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Bowling v. Office of Open Records

February 5, 2010

BRIAN BOWLING, PETITIONER
v.
OFFICE OF OPEN RECORDS, RESPONDENT



The opinion of the court was delivered by: Judge Simpson

Argued: December 9, 2009

BEFORE: HONORABLE BONNIE BRIGANCE LEADBETTER, President Judge, HONORABLE DAN PELLEGRINI, Judge, HONORABLE RENÉE COHN JUBELIRER, Judge, HONORABLE ROBERT SIMPSON, Judge, HONORABLE JOHNNY J. BUTLER, Judge.

OPINION

This appeal from a Commonwealth administrative agency concerns the recently re-enacted Right-to-Know Law (Law).*fn1 Brian Bowling (Requester), an employee of the Pittsburgh Tribune-Review, petitions for review from a final determination of the Office of Open Records (OOR)*fn2 granting in part his request for records of goods and services the Pennsylvania Emergency Management Agency (PEMA) purchased with Department of Homeland Security (Homeland Security) grant funds. PEMA granted the right-to-know request but redacted the identities of the recipients of the goods and services purchased. It also redacted records pertaining to the Buffer Zone Protection Program.*fn3 The OOR denied Requester's appeal concluding PEMA properly withheld the recipients' names under Section §708(b)(2) of the Law, 65 P.S. §67.708(b)(2) (exemption from disclosure of public records pertaining to military, homeland security, national defense, law enforcement, or public safety).

In this appeal, we address the manner of judicial review of an OOR determination as well as issues raised in Requester's petition for review. Requester questions: whether documents disclosing the identities of recipients of emergency response equipment purchased by PEMA are public records under the Law; whether those documents are exempt from access on the basis their release would be reasonably likely to jeopardize or threaten public safety or preparedness or public protection activity; and, whether Requester is entitled to the information sought in a medium in which it exists. Concluding PEMA redacted the records requested in a manner inconsistent with the Law, we reverse and remand to the OOR with instructions for further remand to PEMA for refinement of the redactions.

I. The Right-to-Know Law

In 2008, the General Assembly passed the new Right-to-Know Law, which made sweeping changes to access of government records. In addition to the issues raised on appeal, we are particularly concerned with the Law's procedures for review of right-to-know determinations. The following is a brief overview of the new procedures set forth in the Law.

Pursuant to Section 502 of the Law, each agency must designate an official or employee to act as an open-records officer. 65 P.S. §67.502. Among other duties, the designated individual issues the agency's final response to a request for public records. Id.*fn4 In denying a request in whole or in part, the open-records officer must provide a written description of the record requested with specific reasons for the denial. Section 903 of the Law, 65 P.S. §67.903.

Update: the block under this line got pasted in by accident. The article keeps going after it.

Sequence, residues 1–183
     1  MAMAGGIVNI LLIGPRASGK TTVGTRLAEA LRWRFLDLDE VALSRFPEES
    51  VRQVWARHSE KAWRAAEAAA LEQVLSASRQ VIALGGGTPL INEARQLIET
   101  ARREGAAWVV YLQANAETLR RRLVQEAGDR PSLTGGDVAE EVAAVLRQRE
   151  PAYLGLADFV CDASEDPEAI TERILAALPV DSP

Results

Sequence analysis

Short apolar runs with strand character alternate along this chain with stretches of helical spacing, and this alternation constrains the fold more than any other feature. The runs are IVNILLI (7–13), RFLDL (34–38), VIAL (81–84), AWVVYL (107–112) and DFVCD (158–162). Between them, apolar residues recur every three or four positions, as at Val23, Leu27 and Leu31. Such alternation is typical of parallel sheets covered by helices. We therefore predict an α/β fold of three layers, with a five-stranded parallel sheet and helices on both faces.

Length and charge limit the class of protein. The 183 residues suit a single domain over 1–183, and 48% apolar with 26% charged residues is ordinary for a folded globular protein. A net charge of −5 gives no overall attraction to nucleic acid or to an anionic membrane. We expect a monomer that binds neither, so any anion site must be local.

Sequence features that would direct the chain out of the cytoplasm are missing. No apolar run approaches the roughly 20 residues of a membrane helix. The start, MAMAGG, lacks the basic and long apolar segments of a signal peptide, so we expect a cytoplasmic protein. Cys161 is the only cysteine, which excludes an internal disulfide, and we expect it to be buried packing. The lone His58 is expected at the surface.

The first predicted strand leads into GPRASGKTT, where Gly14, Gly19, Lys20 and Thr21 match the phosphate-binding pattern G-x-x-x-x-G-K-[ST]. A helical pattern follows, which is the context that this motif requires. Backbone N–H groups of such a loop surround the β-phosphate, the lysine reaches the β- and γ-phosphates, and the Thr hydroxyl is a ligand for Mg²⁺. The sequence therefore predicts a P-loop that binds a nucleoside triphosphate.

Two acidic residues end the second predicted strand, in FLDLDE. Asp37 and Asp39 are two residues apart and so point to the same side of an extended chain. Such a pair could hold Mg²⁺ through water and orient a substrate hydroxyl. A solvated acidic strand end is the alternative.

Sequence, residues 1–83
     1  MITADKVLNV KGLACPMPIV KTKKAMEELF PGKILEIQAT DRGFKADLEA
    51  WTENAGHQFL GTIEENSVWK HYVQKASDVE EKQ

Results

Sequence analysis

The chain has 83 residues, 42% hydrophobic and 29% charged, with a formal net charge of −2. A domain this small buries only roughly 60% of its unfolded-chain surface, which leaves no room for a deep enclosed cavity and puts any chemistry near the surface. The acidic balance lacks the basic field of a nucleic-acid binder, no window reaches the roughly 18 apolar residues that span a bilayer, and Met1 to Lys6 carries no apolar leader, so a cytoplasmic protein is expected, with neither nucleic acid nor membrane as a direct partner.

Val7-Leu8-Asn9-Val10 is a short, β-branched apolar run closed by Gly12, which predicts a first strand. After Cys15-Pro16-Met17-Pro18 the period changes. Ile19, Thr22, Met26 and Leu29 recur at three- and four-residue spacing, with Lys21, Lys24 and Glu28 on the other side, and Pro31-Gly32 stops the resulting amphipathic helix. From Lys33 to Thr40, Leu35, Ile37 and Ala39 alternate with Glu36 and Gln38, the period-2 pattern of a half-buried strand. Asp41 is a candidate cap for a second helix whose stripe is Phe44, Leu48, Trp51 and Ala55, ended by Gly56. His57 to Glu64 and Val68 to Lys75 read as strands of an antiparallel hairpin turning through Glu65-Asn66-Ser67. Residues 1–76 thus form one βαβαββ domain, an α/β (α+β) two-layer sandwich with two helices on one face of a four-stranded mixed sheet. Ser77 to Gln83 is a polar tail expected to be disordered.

If the agency denies the request, or it is deemed denied, a requester may file an appeal with the OOR. OOR assigns an appeals officer to review the decision of the agency's open-record's officer, and to issue an order and opinion disposing of the appeal. Section 1310 of the Law, 65 P.S. §67.1310. Notably, the appeals officer may, in his or her discretion, conduct a hearing prior to issuing a final decision. Section 1101(b)(3) of the Law, 65 P.S. §67.1101(b)(3). The appeals officer must provide a written explanation for the decision. Id.*fn5

Chapter 13 of the Law governs judicial review. If the appeals officer's final determination relates to a decision of a Commonwealth, legislative or judicial agency, the requester or the agency may file a petition for review with the Commonwealth Court. Section 1301(a) of the Law, 65 P.S. §67.1301(a). If the appeals officer's final determination relates to a decision of a local agency, the requester or the local agency may file a petition for review with the court of common pleas for the county in which the agency is located. Section 1302(a) of the Law, 65 P.S. §67.1302(a). The court's decision on appeal "shall contain findings of fact and conclusions of law based upon the evidence as a whole" and "clearly and concisely explain the rationale for the decision." 65 P.S. §§67.1301(a) and 1302(a). The record on appeal consists of the request, the agency's response, the appeal filed with the OOR, the hearing transcript, if any, and the final written determination of the appeals officer. Section 1303(b) of the Law, 65 P.S. §67.1303(b).

The current right-to-know request proceeded through the newly enacted procedure.

II. Facts

On January 2, 2009, Requester filed a written request with PEMA seeking all invoices and contracts for first responder equipment and services which PEMA purchased with Homeland Security funds for fiscal years 2005-08. Reproduced Record (R.R.) at 6a-7a. Over the next several days, Requester and PEMA's Open-Records Officer clarified the request to mean "electronic spreadsheets maintained by PEMA containing information regarding equipment procured for the nine (9) regional counterterrorism task forces with 2005-08 Homeland Security grant funds." Id. at 8a.